As is the penchant for editors of Murdoch rags, The Australian in particular, social research outcomes and commentary are only ever published from the Centre for Independent Studies, which we all know is an ardent nest of conservatism.
Chris Mitchell’s ideological foibles aside, I take issue with this article which purports to portray recipients of disability support pensions as little more than dole bludgers with a pseudo excuse for being on welfare.
Recipients of disability support pensions are more diverse than those suffering from physical ailments restricting their working capacity. Jessica brown makes no reference to those persons suffering from mental disabilities – depression, anxiety, social phobias and the like – which are becoming more prevalent in the workforce the more technological we seem to become. My own wife, as an example, suffers from anxiety and agoraphobia, virtually restricting her to a home life or outings where she feels comfortable in the company of a very small and select group of people. She was, not so many years ago, an IT systems administrator for a private health fund but found the pressures growing heavier & heavier to the point where the euphemistically termed ‘nervous breakdown’ over took her. Now she has trouble thinking straight let alone ever resuming a place in her favourer occupational niche. Her anxiety complaint has escalated to the extent where our marriage has dissolved in all but the legal reference of the term, she not wanting to divorce in order to validate herself as an individual in accordance with bureaucratic demands.
We’re ‘married’ but live our own separate lives under the same roof. The house is in her name and I effectively pay rent by maintaining my share of the mortgage repayments. We are company for each other and for us, that’s sufficient but in the eyes of the bureaucracy if we were to formalise the rental arrangement, not only could she not afford to refinance the entire mortgage into her name, my paying her rent would be deemed as income and negate what little disability pension she receives.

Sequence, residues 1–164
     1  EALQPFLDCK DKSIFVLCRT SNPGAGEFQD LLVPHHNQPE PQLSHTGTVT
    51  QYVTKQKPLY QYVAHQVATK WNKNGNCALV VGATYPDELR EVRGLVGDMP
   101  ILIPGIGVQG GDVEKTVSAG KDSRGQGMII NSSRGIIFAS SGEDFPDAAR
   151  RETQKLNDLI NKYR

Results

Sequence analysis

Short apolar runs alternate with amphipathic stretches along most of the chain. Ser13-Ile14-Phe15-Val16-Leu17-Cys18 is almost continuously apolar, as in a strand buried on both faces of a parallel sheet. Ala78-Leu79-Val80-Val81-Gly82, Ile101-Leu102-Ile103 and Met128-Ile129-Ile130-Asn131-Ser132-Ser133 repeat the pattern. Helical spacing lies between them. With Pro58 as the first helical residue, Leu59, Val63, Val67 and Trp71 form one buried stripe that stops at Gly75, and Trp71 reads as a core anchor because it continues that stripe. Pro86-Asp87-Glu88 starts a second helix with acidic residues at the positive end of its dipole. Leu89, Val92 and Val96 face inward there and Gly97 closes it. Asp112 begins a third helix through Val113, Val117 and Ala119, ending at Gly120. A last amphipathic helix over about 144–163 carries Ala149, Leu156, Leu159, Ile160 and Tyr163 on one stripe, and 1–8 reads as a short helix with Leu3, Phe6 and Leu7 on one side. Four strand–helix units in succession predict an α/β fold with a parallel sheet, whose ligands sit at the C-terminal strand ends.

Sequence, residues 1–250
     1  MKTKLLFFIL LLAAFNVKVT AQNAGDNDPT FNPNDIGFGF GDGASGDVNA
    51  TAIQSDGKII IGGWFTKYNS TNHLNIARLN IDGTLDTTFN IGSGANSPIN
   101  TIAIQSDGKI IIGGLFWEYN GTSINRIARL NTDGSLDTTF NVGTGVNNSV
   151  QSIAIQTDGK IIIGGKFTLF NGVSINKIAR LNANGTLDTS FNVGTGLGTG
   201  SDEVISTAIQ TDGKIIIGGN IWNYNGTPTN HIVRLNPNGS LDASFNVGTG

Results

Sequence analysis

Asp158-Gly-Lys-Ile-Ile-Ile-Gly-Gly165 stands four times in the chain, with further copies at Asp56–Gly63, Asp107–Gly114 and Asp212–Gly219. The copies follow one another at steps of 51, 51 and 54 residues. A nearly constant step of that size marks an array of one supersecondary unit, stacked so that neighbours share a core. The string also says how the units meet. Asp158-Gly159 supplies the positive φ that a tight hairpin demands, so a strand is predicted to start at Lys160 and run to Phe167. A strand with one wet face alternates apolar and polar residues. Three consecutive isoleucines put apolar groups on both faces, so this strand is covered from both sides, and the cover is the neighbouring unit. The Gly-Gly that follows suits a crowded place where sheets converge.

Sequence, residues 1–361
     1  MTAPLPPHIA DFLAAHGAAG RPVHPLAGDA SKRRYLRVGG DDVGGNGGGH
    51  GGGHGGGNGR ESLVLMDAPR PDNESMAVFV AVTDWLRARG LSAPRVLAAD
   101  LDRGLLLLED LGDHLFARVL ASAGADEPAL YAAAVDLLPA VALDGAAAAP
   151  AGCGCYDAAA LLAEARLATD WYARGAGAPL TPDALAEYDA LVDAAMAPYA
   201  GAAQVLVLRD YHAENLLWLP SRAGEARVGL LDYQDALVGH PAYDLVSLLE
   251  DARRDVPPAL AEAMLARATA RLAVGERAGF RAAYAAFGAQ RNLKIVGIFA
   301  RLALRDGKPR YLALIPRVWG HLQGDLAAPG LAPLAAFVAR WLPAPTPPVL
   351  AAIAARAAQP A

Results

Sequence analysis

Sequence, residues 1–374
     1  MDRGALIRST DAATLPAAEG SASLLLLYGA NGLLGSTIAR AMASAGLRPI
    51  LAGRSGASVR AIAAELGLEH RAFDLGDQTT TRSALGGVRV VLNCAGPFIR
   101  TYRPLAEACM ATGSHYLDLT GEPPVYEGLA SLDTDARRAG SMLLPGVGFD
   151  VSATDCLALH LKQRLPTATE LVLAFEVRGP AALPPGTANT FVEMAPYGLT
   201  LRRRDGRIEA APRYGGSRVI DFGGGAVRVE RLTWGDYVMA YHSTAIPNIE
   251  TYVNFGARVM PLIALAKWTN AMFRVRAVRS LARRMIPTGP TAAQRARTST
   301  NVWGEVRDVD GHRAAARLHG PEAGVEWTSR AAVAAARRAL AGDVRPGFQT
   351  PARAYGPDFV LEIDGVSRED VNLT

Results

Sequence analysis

So, to Jessica Brown and her fully employed and oh-so authoritative researcher colleagues, I simply offer this. Generalisations do not a valid argument make. Not all welfare recipients are bludgers, in fact, I dare say less than 1% of recipients are doubtful with an even lesser number actually perverting the system for individual benefit. Disabilities are not constrained to the physical. The mental disability can be far more destructive of a person’s self-worth and much less obvious than the too often portrayed malinger with the bad back. We tax-payers are entitled to fair and egalitarian use of our taxes. If that use aids in maintaining the self-worth of a person, who for their entire working life made no calls on the public welfare system, and needs now, that help to sustain their sense of self, then I for one say "so be it".